Peripheral artery disease (PAD) results from the build-up of plaque (atherosclerosis) in the arteries of the legs. For most people with PAD, symptoms may be mild or absent, and no treatment of the artery blockages is required. However as these blockages become more extensive, patients may experience pain and disability that limits their walking, and in the most advanced cases individuals may be at risk for loss of the limb unless circulation is improved. For these patients with severe PAD, attempts to improve blood flow in the leg are usually indicated. The goals of improving blood flow to the limb are to reduce pain, improve functional ability and quality of life, and to prevent amputation.
Currently, both minimally invasive treatments (such as angioplasty or stenting) and traditional procedures such as bypass surgery play important roles.
Determining the best procedure for an individual patient is a complex decision, based on the overall health of the patient, the history of their vascular problem and prior treatments, and the location and severity of the arterial blockages in the leg.
Catheter-based procedures such as angioplasty are less invasive but are also generally less durable, and have technical limitations when blockages are more extensive.
For patients who are not good candidates for angioplasty, or who have already failed a prior angioplasty attempt, lower extremity bypass surgery is a well-established and highly effective procedure. During these procedures, surgeons create an alternative conduit for blood flow to circumvent the area of blockage and restore direct flow to the lower leg and foot. This is a major surgical procedure performed under anesthesia via incisions in the leg. Careful assessment of the risks and benefits prior to surgery, as well as diligent medical, anesthetic, and surgical care, insures the best outcomes following leg bypass operations.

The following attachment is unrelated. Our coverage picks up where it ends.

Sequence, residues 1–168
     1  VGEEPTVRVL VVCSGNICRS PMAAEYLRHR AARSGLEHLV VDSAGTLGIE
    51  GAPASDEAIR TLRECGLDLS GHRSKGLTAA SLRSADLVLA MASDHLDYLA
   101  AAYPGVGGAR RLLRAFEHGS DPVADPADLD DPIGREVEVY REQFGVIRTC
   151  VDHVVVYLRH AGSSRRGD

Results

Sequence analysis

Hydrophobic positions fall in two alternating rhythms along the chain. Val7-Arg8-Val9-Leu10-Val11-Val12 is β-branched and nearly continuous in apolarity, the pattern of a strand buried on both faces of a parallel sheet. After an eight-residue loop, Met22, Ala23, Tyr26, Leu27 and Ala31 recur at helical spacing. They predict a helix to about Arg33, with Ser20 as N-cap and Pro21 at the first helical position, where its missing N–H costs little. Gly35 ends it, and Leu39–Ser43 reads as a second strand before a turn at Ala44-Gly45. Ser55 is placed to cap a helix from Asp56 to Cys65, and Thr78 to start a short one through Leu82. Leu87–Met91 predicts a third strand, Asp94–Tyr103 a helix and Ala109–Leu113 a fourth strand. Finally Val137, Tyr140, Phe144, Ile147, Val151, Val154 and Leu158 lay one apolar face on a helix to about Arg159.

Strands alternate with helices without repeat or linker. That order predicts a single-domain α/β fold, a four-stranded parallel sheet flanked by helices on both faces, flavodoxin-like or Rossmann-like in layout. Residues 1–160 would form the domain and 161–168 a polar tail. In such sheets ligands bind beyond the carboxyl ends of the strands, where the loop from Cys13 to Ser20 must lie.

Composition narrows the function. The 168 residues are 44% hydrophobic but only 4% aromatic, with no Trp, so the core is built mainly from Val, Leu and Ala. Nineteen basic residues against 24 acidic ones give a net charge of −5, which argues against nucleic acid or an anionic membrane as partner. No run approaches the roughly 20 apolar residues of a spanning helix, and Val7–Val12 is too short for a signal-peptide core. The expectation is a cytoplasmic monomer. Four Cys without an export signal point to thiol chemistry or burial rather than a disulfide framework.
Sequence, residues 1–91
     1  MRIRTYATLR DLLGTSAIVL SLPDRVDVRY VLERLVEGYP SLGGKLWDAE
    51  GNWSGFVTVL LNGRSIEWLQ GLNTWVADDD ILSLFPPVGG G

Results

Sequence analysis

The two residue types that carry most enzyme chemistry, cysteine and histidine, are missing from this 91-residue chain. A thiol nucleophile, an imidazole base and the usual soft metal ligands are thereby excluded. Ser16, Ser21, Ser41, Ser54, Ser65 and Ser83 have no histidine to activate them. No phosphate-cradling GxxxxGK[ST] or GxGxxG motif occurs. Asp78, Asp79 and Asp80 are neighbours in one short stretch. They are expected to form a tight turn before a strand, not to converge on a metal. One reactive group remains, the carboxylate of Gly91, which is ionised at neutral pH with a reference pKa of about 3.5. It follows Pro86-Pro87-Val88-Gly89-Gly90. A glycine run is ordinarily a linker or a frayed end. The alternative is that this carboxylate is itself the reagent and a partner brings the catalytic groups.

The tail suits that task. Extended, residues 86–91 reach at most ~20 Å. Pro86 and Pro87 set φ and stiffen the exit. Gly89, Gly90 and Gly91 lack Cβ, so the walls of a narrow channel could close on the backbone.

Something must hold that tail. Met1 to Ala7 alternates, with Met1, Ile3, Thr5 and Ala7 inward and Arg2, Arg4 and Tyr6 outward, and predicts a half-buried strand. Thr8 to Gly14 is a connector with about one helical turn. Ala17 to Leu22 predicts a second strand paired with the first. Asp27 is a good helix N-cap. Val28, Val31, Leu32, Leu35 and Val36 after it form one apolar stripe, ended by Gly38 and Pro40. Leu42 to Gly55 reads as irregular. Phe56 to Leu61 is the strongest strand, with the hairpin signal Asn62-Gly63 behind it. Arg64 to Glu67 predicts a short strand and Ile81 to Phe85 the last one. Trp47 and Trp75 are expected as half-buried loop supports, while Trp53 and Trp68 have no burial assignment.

Like all surgical procedures, leg bypass surgery carries significant risks including heart attacks, blood clots, infections, and even death in 2 to 3 percent of patients. Patients with advanced PAD have a high frequency of significant heart disease, so a thorough evaluation for cardiac problems and a careful review of medical therapies is required prior to surgery.
The use of medications such as aspirin, blood pressure, and cholesterol-lowering drugs is critical before and after the operation. The other major complications are related to the leg itself, and include the risk of failure of the bypass and wound healing problems. Overall, bypass surgery is immediately successful in 90 to 95 percent of cases. The short and long-term success of the procedure is most closely linked to two factors: 1) the material employed for the bypass graft itself and 2) the quality of the arteries in the lower leg to which the graft is attached.
The best results are obtained by using a patient's own vein, the saphenous vein from the inside of the leg, to perform these grafts. When a good saphenous vein of sufficient length is not available, surgeons may choose to use other veins from the arm or leg, or to use an artificial (prosthetic) graft-however there is a fall-off in results for these alternatives. Therefore, an important consideration in selecting this procedure for a given patient is whether a good vein is likely to be available to perform the bypass.
Because blockages in the leg arteries extend over a considerable length, long incisions are often required, and various problems related to the healing of these wounds can occur in up to 20 percent of patients. These are often minor complications that may require dressings or antibiotics at home, but some can be more serious and lead to prolonged hospitalization or additional procedures.
Careful surgical technique and postoperative care are required to minimize these problems. In general, a vein bypass in the leg can be expected to last five years or longer in 60 to 70 percent of patients, although about one-quarter to one-third will require additional procedures to maintain the function of these grafts. Long-term follow-up, with regularly scheduled vascular examinations and ultrasound studies of the graft, is absolutely essential to achieve maximal benefit.
Abstinence from smoking and continued medical management including aspirin and cholesterol-lowering drugs is critical after surgery. Once recuperation is complete, patients who have had successful bypass surgery should expect to achieve relief of pain, improved healing of wounds on the foot, improved walking ability, and long-term freedom from amputation as long as the graft continues to function. For many patients with advanced PAD, lower extremity bypass surgery provides the most effective and most durable solution currently available.